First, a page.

Inventor Flint Lockwood thought he saved the world when he destroyed his most infamous invention -- a machine that turned water into food causing cheeseburger ...
Rating: PG for mild rude humor
Length: 95 minutes
Released: September 27, 2013 Nationwide
Cast: Bill Hader, Anna Faris, James Caan, Will Forte, Terry Crews
Director: Cody Cameron, Kris Pearn
Writer: John Francis Daley, Jonathan M. Goldstein
The original “Cloudy With a Chance of Meatballs” was a sweet treat of an adaptation of the 1982 book by Judi and Ron Barrett. From the visual smorgasbord — especially Lockwood’s secret laboratory where such electronic gimmicks of the 1980s “Simon” game and an Atari joystick create the “Tron” look — to the food jokes, the movie worked for all ages.
The sequel, “Cloudy With a Chance of Meatballs 2,” comes across like eating leftovers. There’s still some pleasure out of the reheated dish, but it lacks the appeal of the original.
“Meatballs” picks up on the island where all of the culinary madness started. Food items are evolving into living creatures such as Shrimpanzes and Flamangos. The fear is the creatures will learn to swim and become a threat to the mainland.
Flint Lockwood (voiced by Bill Hader), the wide-eyed inventor behind the original food fight, is recruited by mega-billionaire inventor Chester V (Will Forte) — head of The Live Corp Company — to find the source of the food transformations. With the aid of his friends and family, Lockwood sets off on a “Jurassic Park” style adventure.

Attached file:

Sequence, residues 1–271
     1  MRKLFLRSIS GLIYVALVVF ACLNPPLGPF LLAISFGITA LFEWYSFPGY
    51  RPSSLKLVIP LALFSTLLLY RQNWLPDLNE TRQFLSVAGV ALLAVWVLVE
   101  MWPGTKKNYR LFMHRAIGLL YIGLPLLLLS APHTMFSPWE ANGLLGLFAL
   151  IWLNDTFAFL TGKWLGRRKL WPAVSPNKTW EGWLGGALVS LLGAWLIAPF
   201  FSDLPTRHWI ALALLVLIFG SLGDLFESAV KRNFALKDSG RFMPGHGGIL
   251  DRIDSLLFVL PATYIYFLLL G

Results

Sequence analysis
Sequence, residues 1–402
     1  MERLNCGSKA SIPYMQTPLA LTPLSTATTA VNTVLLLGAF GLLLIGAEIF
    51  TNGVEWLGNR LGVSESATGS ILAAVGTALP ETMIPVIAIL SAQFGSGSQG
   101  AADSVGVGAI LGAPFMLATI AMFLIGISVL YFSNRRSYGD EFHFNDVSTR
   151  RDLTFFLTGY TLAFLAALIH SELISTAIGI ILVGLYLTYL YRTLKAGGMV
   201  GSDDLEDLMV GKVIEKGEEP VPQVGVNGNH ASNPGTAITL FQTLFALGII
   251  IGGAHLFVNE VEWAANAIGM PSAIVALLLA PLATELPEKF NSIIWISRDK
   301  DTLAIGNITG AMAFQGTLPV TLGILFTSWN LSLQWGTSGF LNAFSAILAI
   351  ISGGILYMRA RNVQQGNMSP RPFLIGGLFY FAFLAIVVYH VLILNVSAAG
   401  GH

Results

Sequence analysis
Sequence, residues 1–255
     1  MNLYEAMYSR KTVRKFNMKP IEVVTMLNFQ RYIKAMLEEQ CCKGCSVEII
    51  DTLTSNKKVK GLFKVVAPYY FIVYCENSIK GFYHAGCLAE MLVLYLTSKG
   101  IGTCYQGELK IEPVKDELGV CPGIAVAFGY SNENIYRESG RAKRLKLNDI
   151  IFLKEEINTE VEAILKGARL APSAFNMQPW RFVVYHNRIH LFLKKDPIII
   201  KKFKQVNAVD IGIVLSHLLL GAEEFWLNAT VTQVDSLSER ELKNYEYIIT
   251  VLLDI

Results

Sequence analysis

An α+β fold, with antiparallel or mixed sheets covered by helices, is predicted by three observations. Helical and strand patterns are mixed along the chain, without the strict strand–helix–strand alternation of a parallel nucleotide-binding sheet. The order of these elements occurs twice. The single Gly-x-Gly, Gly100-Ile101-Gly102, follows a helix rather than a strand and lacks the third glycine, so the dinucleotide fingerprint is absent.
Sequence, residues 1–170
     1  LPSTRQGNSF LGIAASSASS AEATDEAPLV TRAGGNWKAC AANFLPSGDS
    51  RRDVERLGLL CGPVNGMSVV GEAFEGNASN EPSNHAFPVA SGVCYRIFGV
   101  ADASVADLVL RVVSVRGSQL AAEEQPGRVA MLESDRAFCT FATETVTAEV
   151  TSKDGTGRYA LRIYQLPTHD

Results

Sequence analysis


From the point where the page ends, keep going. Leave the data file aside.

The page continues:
The script — by five different writers — bounces between trying to recreate “Jurassic Park” scenes using fruits, vegetables and meats to food-inspired puns. If something thinks a task is easy and says, “It’s a piece of cake,” then a piece of cake is in the scene. Variety among gourmet gags are so limited, one pun about there being a “leek in the boat” gets repeated.
When a writer lives by the pun, they die by the pun. The jokes become as stale as week-old bread, plus there’s no way a young audience is going to pick up on 99 percent of the jokes. The only pun that seems to resonate through all demographics is a line about having to “cut the cheese.”
The film also pokes fun at corporate America. Those scenes are too mature for youngsters and wear thin quickly for adults. There are also bits about a father-son relationship, unrequited love and caring for the ecology tossed in. Instead of making the film more savory, they just end up being distractions.
Directors Cody Cameron and Kris Pearn give the film the frantic pace and bright colors needed to keep the attention of kids. Adults who are looking for more will be left cold, especially with the lackluster 3-D effects.
There are no major problems with “Cloudy With a Chance of Meatballs 2.” There’s also nothing very original or entertaining about this sequel. It’s the kind of so-so cinema that will entertain those who aren’t too demanding.